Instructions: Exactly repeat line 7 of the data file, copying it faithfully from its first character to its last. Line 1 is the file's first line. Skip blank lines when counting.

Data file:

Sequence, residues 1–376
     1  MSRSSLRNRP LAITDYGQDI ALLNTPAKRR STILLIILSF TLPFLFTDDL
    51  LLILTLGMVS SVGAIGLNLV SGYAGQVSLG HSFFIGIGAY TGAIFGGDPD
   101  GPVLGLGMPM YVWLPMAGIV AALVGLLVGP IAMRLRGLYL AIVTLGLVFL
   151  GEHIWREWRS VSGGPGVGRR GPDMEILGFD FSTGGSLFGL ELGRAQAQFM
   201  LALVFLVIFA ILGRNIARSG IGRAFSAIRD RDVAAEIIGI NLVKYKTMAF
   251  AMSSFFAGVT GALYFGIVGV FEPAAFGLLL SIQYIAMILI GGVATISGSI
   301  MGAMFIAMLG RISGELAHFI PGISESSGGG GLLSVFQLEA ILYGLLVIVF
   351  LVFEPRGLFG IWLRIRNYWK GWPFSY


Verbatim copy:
   251  AMSSFFAGVT GALYFGIVGV FEPAAFGLLL SIQYIAMILI GGVATISGSI